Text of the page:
AbbVie and Mission Therapeutics inked an R&D pact focused on deubiquitylating enzymes (DUBs) in Alzheimer’s and Parkinson’s disease. By targeting these enzymes, the pair hopes to create drugs that attack the buildup of toxic proteins in these neurodegenerative diseases and stop them from getting worse.
Alzheimer’s and Parkinson’s are associated with malfunctioning proteins that fold incorrectly and accumulate in the brain. This buildup is thought to hobble and eventually kill nerve cells in the brain. AbbVie and Cambridge, U.K.-based Mission want to create drugs that modulate DUBs, which are involved in regulating the degradation of these proteins. Boosting degradation will cut protein accumulation and—the hope is—stop or delay disease progression.
While Mission specializes in DUBs and has a handful of programs in preclinical development, none of these will be part of the partnership. AbbBie and Mission will work on new DUB inhibitors through preclinical development, the duo said in a statement. They did not disclose financial details.
Both partners will work to identify DUB targets and discover “suitable compounds.” After that, AbbVie can choose to license up to four assets for development and commercialization. The Big Pharma will be on the hook for an upfront license fee, as well as the usual milestone and royalty payments down the line.
“There is an urgent need for new treatments that will make a positive impact on the lives of patients with Alzheimer’s and Parkinson’s disease. Mission’s scientists have developed impressive early research toward the understanding of these diseases. Together, we will work to advance this early science and develop meaningful therapies,” said James Summers, Ph.D., vice president of neuroscience discovery research at AbbVie.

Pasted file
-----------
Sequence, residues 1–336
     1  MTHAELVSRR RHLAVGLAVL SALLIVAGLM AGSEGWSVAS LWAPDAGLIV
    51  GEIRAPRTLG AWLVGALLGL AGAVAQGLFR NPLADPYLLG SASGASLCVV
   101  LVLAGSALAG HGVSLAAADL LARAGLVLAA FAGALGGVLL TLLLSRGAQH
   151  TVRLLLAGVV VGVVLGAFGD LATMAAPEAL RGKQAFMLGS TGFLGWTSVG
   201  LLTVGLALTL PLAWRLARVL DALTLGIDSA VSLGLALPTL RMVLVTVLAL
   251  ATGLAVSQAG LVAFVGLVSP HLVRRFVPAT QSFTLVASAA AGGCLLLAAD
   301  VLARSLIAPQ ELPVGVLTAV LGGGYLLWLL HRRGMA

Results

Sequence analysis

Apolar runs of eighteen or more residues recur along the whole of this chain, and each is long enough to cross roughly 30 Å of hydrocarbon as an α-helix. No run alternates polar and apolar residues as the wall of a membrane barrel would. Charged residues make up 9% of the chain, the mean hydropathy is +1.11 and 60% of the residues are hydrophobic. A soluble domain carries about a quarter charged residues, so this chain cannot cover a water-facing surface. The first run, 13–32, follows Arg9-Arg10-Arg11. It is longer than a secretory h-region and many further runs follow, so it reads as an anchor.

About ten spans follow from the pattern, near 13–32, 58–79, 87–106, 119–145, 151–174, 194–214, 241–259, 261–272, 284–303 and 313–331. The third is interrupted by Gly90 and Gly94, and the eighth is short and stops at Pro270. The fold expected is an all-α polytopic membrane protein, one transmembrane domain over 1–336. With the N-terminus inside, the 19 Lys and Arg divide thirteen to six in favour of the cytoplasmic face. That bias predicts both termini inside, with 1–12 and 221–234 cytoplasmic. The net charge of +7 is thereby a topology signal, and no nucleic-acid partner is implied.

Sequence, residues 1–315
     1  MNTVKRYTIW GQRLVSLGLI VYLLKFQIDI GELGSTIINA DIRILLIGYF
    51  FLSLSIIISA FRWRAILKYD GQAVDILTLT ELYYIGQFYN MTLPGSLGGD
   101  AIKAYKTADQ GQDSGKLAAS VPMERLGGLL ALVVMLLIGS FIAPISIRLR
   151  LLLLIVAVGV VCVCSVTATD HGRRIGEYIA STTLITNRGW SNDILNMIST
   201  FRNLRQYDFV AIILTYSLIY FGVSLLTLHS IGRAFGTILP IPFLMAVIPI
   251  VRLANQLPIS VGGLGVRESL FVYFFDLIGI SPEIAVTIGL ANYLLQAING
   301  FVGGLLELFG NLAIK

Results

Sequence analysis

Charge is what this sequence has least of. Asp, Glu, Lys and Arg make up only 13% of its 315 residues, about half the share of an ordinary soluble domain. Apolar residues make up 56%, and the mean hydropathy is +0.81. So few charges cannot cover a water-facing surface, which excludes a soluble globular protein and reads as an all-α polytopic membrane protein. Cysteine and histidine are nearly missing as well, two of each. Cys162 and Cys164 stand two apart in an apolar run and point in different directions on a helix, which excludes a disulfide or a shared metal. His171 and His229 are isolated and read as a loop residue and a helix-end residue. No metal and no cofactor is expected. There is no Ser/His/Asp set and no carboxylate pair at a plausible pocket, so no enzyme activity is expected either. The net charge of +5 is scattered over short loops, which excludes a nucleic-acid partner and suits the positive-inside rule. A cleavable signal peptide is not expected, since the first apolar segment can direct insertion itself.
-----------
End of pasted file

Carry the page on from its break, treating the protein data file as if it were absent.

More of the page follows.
The deal comes soon after Eli Lilly walked away from a second BACE inhibitor program for Alzheimer’s, joining Janssen, Merck and Roche. This class of drugs, as well as the vast majority of Alzheimer’s work, hinges on the amyloid hypothesis, which asserts that the buildup of amyloid beta proteins in the brain triggers processes that eventually lead to cognitive decline and the destruction of brain cells. However, numerous failures—including the ability of some drugs to reduce amyloid plaques, but not alleviate symptoms—suggest that Alzheimer’s is in grave need of new hypotheses.
Researchers are pursuing alternative hypotheses, including one linking the amount of herpes virus in a person's brain to the presence of Alzheimer's markers. But, as a Stat News article pointed out, the amyloid hypothesis remains entrenched and academics pursuing new approaches often struggle to obtain funding and get their work published.